Sixty events, one teepee, a few sackbuts, plus a host of the biggest names in jazz means one thing: the Jazz Festival is back.
A certain city north of here has long-since taken to calling itself “Festival City”. But Manchester can give any UK metropolis a run for its money in the festival stakes, what with Manchester International Festival just ended, 24:7 hotting up and the city home to festivals as diverse as new music, science and food and drink. The daddy of them all, in longevity at least – it is limbering up for its eighteenth year – is Manchester Jazz Festival, which takes over the Festival Pavilion teepee in Albert Square, as well as several other venues, from Friday.
“I suppose this year is our coming of age,” says MJF Artistic Director Steve Mead. “We started it as jazz fans who wanted to celebrate our music in our city, and thought it would be an achievement to get through that first event. I think we just forgot to stop after that, helped by the fact that Manchester is really good at celebrating distinct activities. Like jazz itself, which is fluid and very much a reflection of the personalities making it, the way the festival has matured over the years has been very organic, responding to the jazz community. So we’ve been ambitious but realistic, constantly looking forward and offering events you can’t see anywhere else.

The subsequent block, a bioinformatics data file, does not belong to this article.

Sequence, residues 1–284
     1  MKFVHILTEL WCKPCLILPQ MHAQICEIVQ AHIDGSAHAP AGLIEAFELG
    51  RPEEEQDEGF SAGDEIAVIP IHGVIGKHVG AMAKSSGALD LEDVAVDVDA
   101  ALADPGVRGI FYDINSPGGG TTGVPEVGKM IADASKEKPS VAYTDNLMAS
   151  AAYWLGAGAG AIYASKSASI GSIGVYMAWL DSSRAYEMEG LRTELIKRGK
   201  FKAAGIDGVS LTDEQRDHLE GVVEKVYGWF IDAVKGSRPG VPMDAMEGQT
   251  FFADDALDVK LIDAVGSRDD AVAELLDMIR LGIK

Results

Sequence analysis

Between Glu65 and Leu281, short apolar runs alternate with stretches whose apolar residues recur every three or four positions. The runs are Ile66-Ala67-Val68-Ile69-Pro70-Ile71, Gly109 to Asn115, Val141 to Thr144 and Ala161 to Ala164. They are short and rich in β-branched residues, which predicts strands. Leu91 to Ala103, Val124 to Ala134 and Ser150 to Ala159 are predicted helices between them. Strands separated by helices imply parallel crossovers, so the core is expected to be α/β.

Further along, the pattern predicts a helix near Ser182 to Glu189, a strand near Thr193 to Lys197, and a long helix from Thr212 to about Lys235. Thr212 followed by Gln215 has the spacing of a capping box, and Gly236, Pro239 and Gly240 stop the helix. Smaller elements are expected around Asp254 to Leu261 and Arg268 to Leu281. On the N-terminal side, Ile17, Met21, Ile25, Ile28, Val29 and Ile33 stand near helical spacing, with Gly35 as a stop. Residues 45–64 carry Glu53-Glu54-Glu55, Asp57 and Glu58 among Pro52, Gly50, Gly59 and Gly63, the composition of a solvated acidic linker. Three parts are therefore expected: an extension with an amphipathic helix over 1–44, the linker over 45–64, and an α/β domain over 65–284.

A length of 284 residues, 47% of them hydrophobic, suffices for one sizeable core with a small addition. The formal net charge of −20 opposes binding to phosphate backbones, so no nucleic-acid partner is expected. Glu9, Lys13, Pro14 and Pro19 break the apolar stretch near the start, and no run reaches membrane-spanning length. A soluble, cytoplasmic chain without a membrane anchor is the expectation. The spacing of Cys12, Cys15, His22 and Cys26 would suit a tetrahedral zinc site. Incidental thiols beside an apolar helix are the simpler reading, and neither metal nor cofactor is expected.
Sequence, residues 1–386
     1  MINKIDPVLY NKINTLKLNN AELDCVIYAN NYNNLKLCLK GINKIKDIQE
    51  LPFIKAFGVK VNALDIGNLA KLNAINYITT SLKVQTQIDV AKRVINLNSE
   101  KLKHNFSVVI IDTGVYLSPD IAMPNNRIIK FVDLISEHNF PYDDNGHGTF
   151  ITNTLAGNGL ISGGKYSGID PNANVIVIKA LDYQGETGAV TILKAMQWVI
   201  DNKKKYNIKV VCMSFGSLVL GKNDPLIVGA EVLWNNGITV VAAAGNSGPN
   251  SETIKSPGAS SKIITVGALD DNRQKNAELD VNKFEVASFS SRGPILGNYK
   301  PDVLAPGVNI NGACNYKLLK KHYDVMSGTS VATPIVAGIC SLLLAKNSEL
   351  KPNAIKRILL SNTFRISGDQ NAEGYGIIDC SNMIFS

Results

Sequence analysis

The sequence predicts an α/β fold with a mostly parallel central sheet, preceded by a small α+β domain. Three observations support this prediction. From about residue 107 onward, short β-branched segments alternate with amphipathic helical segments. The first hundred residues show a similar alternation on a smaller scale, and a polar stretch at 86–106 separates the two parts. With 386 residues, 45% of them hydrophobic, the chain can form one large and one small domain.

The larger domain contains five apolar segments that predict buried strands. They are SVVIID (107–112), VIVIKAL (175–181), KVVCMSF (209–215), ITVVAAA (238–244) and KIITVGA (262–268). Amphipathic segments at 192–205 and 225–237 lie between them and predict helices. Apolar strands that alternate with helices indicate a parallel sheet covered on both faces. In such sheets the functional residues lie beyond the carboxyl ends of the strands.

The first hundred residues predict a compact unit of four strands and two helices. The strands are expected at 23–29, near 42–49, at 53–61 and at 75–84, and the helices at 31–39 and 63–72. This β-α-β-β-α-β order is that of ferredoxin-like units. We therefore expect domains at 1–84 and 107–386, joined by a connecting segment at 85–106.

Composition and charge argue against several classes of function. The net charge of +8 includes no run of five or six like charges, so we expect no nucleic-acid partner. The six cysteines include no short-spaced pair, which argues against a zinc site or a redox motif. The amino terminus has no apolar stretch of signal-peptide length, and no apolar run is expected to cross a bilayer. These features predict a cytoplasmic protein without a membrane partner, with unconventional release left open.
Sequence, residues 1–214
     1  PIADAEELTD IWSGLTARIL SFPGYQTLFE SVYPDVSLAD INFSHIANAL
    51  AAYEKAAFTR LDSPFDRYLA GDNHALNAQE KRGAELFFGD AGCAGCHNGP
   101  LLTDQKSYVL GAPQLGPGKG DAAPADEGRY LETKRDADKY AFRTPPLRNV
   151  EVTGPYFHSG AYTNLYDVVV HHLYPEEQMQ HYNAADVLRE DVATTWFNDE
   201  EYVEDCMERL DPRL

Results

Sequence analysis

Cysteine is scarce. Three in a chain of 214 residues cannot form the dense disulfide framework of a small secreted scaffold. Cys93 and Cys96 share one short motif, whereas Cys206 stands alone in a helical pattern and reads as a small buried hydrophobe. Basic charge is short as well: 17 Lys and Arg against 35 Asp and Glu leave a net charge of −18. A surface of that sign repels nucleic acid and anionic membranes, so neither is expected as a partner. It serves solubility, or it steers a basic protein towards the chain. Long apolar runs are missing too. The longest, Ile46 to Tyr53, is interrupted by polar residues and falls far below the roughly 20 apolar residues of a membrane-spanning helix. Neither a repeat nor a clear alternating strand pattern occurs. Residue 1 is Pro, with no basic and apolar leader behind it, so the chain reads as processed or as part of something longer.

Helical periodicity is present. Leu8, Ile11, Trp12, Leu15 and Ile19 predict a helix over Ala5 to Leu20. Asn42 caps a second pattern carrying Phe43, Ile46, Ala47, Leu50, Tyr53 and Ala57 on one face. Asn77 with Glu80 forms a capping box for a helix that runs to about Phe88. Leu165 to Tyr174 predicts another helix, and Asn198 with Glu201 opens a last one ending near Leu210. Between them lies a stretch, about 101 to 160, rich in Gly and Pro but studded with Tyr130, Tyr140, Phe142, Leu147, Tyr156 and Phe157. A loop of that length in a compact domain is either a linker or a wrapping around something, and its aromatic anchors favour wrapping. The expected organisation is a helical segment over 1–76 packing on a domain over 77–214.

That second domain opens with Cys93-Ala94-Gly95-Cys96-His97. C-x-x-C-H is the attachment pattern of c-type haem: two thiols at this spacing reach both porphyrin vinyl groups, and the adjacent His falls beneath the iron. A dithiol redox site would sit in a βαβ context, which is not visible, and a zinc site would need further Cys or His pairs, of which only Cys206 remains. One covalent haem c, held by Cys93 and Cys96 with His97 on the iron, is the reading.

I’m looking forward to seeing how jazz aficionados take to medieval crumhorns & sackbuts
“We’re in it for the long haul,” continues Mead, “and our audience trust us to take them on a journey of discovery through the world of jazz today. They come prepared to be surprised, I’m happy to say.” Some of the developments Mead is most proud of include the world premieres featured via mjf originals and the new talent spotlighted in mjf introduces. This year, the former includes The Felonious Monks, a brilliantly-named fusion of early Renaissance music with contemporary jazz; its world premiere takes place at the 300 year-old St. Ann’s Church on 3 August. “I’m looking forward to seeing how a jazz audience respond to medieval instruments like crumhorns and sackbuts!” says Mead, who also rates the double-bill of Billy Moon and the Moss Project on 30 July at the festival’s hub, the pavilion in Albert Square so recently occupied by MIF. These two text-based projects, incidentally, are presented in association with Manchester Literature Festival – see what I mean about us being a festival city? Other likely highlights include Spanish harmonica virtuoso (“and that’s not a phrase you hear too often,” says Mead) Antonio Serrano, who’s nipping over especially from touring with Paco De Lucia to play at St. Ann’s Church on 1 August.
Festivals routinely claim to have “something for everyone”, but with more than sixty events, ranging from Afternoon Teas at The Midland to a gig with legendary saxophonist Pharaoh Sanders, all crammed into ten days and with a fair few of them free, it’s a claim that Manchester Jazz Festival does actually live up to.